Though Laurie had an injury that kept her from competing in the Olympic trials, the first episode does a great job of showing her side of things, her story and background, the people who love her and cheer her on, what she hoped to accomplish by returning, and the road that led her to the Winter Cup. Her mention of the persona she put on to appease people is fascinating, illuminating, and spoke to the larger message that being a gymnast is really, really hard – both on and off the mats.
I watched MyKayla make the Olympics by claiming the individual gymnast spot, but it’s through this episode that I really understood the grit and determination she possessed to get there. I would have never known that she had Covid and spent months working through breathing issues to get where she is now without this documentary.
It’s astonishing to think that not only did she have the challenge of a year under the pressures and limitations of a pandemic, but that she went back to training while being a survivor of the pandemic and all the health issues that brings along with it. It’s also interesting to see the training and competition from an adult’s perspective (and sometimes limitations), and it impressed upon me the power of determination and the competitor spirit to getting where you want to be.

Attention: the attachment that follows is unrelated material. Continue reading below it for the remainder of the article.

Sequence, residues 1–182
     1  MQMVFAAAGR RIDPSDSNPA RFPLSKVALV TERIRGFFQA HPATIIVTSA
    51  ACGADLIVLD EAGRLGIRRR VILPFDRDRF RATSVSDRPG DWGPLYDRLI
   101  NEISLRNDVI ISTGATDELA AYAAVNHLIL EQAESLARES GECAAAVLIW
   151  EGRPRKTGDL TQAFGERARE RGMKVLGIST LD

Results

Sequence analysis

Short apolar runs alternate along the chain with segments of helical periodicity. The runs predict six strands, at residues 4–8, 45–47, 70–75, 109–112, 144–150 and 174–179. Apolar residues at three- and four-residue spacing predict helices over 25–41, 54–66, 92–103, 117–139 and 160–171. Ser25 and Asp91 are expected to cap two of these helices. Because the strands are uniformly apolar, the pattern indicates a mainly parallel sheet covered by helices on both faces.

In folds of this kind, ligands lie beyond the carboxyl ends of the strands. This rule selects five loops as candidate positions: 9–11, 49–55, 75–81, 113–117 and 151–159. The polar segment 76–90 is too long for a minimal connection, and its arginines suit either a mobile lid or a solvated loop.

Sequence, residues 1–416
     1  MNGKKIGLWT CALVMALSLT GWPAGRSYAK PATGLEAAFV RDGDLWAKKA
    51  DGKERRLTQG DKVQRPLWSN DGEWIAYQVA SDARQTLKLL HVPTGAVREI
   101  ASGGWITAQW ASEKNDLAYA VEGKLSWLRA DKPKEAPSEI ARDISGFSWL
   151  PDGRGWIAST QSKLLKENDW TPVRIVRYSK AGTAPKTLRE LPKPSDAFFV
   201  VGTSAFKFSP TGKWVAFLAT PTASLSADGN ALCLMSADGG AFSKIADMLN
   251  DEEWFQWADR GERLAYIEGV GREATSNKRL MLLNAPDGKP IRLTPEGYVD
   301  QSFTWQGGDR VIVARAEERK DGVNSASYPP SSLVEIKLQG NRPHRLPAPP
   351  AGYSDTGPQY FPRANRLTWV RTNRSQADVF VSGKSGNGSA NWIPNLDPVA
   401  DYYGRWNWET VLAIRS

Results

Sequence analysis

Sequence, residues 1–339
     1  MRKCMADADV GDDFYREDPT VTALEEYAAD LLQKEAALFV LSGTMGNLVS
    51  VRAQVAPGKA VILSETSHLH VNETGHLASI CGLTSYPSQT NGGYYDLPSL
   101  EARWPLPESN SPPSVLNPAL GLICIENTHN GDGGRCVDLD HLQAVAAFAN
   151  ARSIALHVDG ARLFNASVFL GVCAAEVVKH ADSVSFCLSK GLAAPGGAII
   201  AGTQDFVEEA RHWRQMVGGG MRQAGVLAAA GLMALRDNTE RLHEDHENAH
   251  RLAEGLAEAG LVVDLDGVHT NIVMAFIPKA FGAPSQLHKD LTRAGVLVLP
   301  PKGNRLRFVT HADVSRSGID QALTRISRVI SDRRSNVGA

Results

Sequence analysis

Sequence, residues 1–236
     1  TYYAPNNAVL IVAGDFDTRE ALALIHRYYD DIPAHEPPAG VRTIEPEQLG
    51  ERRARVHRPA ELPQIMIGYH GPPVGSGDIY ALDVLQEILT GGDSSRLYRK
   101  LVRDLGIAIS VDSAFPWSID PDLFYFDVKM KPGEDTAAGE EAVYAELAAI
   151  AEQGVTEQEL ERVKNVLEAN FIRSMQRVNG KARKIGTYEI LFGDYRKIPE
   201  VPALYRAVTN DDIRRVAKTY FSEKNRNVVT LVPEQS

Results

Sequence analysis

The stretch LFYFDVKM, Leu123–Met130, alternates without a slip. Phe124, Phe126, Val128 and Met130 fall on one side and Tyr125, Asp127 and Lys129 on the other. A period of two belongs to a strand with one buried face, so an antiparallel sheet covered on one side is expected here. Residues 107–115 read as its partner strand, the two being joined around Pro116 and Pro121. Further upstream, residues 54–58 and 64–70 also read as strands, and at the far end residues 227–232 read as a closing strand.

I think watching Morgan coming back from an injury and falling so many times as she practiced made the costs of being a gymnast clear to me. It’s easy to forget how much work goes into it all when they’re performing perfected routines, but to see the behind the scenes, to root for her, and to know that her injury will ultimately keep her from the Olympic team is equal parts heartbreaking and impressive. Like all the competitors, her determination and heart are large and it’s fascinating to watch her train and pick herself back up so many times.
Overall, the way that Red, White, and Gold allowed them to show their lives, speak candidly about the struggles and allowed people with more experience and time away from the sport to say the truths they know is a good call that serves the story well. I don’t know if the transparency of USA Gymnastics is in sincerity or brand management, but gymnastics is a sport where the athletes have been silenced for to long. To have them speak for themselves, to say what the journey has felt like and cost of it all, is powerful, fascinating to watch, and ultimately pivotal in changing the sport for the better.
You can find Golden: The Journey of the USA’s Elite Gymnasts streaming on Peacock now.